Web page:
13. Click continue, do not connect to a directory at this time
14. Click continue, do not set up open directory
15. Click Set Up

Directory Configuration
1. Open System Preferences
2. Open Accounts
3. Open Login Options
4. Click Join
5. Click Open Directory Utility
6. Click the lock and authenticate
7. Check the box next to active directory
8. Highlight active directory and click the pencil icon in the lower left
9. Enter in the active directory domain and click bind
10. Enter a domain administrators credentials

Install DeployStudio

See http://www.deploystudio.com/Doc/Entries/2009/10/10_Quick_Install_Guide.html for more information

1. Download latest package
2. Run installer
3. Enable NetBoot in Server Admin
4. Create a repository folder on one of the internal drives e.g. /DSRepository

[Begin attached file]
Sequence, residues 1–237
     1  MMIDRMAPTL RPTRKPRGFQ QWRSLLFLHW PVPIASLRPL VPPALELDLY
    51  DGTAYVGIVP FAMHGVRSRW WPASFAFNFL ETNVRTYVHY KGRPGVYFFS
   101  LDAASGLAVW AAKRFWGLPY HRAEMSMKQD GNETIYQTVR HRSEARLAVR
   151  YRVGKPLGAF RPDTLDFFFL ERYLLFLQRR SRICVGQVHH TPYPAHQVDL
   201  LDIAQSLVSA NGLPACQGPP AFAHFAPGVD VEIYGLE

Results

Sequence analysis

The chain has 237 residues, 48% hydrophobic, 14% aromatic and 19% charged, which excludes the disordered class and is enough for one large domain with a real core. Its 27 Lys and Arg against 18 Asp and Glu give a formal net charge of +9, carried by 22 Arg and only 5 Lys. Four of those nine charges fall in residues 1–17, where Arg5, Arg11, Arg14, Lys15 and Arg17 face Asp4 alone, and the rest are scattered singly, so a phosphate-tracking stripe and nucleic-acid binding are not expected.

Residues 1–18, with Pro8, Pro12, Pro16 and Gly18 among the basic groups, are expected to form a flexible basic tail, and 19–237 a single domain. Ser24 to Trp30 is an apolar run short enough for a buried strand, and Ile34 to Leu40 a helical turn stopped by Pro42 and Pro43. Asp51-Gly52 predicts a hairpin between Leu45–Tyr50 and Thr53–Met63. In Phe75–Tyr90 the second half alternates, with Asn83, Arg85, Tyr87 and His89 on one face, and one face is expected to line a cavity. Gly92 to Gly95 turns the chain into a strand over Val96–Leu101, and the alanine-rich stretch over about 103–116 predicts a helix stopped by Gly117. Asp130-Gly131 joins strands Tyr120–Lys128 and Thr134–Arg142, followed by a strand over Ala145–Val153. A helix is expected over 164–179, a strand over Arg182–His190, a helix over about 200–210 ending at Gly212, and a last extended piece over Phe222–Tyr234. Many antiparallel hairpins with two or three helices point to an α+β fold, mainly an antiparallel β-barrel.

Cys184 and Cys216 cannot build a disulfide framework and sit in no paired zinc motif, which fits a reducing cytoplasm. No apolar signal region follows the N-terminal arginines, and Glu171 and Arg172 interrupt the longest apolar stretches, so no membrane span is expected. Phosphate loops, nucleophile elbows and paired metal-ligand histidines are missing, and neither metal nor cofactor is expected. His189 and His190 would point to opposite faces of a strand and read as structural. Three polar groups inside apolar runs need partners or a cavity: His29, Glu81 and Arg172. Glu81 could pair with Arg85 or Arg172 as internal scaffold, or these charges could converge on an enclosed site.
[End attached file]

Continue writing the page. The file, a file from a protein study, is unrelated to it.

5. Enable AFP and NFS sharing in Server Admin
6. Share the DSRepository folder using AFP or NFS
7. Run DeployStudio Assistant

  • Choose set up a DeployStudio server
  • Enter the server address, username and password
  • Choose to set up a network sharepoint
  • Enter the URL for the network share of the repository e.g. afp://server/
    DSRepository
  • Enter username and password if necessary
  • Go back to the main menu
  • Choose create a DeployStudio netboot set
  • (Optional) change name of netboot set
  • Choose connect to a specific server and enter the server url
  • Choose a location for the netboot set. e.g. /Library/NetBoot/NetBootSP0
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About Roland

Family, God, People, Architecture, Pursuit of Truth, Wisdom, Education, Community, Truth, Patience and Prosperity.